Thin film freezing is overcoming many of the challenges that plague freeze drying and other drying techniques for biologics and small molecules. This new method, presented at the American Association of Pharmaceuticals Scientists (AAPS) PharmSci 360 Meeting, is compatible with continuous manufacturing. It enables biologics to be delivered directly deep into the lungs using a dry power inhaler and also allows liposomal adjuvants to maintain their integrity throughout the freeze-thaw cycle and is compatible with continuous manufacturing.
GEN spoke with the technology’s developer, Robert O. Williams III, PhD, University of Texas at Austin, and special advisor to TFF Pharmaceuticals, during the AAPS meeting.
“We demonstrated that stable powders containing anti-PD1 mAb, anti-TNF-α mAb and AUG3387 mAb could be made by thin-film freezing, delivered directly to the lungs while maintaining their binding/neutralization activity,” he said. “Their excellent aerosol properties enable thin film freezing to work with different types of commercially available dry powder inhalers, which is a key benefit.”
Method disperses active protein and liposomal adjuvant
The thin film freezing process disperses the active protein and liposomal adjuvant in an aqueous liquid with a buffer and other inactive ingredients.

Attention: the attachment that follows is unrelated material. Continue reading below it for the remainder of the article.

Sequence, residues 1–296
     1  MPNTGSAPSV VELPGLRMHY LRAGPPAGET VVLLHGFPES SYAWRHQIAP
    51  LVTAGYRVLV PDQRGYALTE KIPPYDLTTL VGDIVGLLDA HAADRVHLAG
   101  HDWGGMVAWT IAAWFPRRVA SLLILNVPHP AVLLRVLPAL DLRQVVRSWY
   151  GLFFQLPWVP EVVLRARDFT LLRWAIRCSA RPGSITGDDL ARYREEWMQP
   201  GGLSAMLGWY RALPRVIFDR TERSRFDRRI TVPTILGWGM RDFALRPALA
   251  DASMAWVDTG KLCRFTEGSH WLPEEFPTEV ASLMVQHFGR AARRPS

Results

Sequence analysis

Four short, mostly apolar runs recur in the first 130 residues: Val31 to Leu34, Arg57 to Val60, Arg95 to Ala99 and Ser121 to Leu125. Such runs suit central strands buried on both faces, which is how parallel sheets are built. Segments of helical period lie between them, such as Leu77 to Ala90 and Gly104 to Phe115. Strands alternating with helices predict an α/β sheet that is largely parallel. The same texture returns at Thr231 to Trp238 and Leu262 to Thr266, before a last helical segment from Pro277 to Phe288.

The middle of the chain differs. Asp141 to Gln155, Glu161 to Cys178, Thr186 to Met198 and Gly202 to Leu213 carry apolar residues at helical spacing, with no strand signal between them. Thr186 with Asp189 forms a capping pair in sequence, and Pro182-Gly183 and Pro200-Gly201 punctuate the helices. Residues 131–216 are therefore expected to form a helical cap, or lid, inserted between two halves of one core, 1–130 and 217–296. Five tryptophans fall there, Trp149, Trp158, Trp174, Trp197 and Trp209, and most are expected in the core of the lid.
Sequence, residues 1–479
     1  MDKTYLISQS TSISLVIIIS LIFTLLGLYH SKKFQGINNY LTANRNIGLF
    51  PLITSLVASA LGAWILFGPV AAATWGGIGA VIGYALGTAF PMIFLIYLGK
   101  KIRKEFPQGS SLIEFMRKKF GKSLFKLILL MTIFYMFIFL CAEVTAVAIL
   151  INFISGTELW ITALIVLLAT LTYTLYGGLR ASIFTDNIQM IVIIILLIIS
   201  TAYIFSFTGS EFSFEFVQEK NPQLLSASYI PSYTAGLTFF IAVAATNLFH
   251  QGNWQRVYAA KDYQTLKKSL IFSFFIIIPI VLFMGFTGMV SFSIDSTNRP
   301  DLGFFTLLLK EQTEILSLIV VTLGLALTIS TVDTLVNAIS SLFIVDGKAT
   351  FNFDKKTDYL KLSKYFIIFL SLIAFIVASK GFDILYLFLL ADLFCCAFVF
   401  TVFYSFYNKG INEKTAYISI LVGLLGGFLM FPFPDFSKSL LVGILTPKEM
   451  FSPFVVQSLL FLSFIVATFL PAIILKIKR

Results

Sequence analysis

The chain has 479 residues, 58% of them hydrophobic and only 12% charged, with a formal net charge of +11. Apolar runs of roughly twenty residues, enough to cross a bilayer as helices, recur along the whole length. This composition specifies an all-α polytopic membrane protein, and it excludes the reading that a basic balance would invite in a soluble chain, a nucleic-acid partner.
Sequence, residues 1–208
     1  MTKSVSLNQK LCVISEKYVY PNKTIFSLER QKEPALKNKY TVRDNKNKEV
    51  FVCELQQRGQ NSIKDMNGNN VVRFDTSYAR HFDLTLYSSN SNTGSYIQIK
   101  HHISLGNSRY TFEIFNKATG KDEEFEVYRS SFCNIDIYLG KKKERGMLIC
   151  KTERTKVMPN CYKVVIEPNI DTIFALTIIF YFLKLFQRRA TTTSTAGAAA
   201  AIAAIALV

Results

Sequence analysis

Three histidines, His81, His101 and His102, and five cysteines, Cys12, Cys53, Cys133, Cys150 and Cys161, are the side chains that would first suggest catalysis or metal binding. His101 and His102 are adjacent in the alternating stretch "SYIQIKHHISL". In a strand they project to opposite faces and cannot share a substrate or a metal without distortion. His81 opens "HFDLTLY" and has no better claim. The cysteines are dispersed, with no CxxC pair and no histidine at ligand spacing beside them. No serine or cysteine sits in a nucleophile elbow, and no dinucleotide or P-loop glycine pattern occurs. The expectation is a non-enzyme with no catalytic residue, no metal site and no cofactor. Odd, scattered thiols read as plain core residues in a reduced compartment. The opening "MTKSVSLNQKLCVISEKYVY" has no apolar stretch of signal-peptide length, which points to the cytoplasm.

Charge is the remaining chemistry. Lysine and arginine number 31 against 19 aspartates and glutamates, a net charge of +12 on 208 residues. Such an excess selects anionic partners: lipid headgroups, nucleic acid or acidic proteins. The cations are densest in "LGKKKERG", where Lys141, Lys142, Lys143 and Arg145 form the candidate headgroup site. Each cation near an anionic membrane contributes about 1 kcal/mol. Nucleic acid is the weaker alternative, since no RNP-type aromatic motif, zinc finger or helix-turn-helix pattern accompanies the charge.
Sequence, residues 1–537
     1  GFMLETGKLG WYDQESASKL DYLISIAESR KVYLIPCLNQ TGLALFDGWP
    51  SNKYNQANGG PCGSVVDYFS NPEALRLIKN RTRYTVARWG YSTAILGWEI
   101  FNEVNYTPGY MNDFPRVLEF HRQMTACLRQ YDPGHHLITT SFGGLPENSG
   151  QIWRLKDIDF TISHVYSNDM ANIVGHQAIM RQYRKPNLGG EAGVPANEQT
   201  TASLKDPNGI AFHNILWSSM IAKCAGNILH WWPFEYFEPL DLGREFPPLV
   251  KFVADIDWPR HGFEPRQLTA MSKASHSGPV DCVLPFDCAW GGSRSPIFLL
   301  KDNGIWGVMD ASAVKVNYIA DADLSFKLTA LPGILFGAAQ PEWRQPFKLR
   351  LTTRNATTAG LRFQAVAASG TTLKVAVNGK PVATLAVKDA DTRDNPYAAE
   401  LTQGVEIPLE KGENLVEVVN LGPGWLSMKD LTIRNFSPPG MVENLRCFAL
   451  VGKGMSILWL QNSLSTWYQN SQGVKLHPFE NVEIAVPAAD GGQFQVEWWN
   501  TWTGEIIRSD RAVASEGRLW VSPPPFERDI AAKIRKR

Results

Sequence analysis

“We then take that liquid and apply it as droplets, using a stainless-steel rotating drum onto a cooled substrate (between -40° and -180°C). It then forms very frozen thin films. The ice sublimates, leaving a brittle matrix powder that can be delivered to the lungs, nose, or other target,” Williams says.
Notably, thin film freezing has an intermediate freezing rate that is neither too fast nor too slow and, therefore, does not denature the proteins or affect the liposome integrity. Additionally, he points out, “No or minimal shear forces are applied to the liquid,” further reducing the risks of protein degradation.
This method enables excipients to be eliminated for some small-molecule formulations, he continues. “For others, we can have up to 80 or 90 percent drug loading,” as long as there is enough mass to deliver it through a dry powder inhaler. This freezing method has been tested using some 30 different types of drugs, which suggests broad applicability.
The chief limitation is that any drug frozen using this method must be soluble in a solvent that works with this process, such as water and certain organic solvents. “We’ve had good results with most biologics, but some proteins may be inherently too fragile to be processed by any powder forming technique,” he tells GEN.
TFF has a commercial-scale manufacturing process and is supplying Phase I and II materials for two clinical trials and is working with several CDMOs.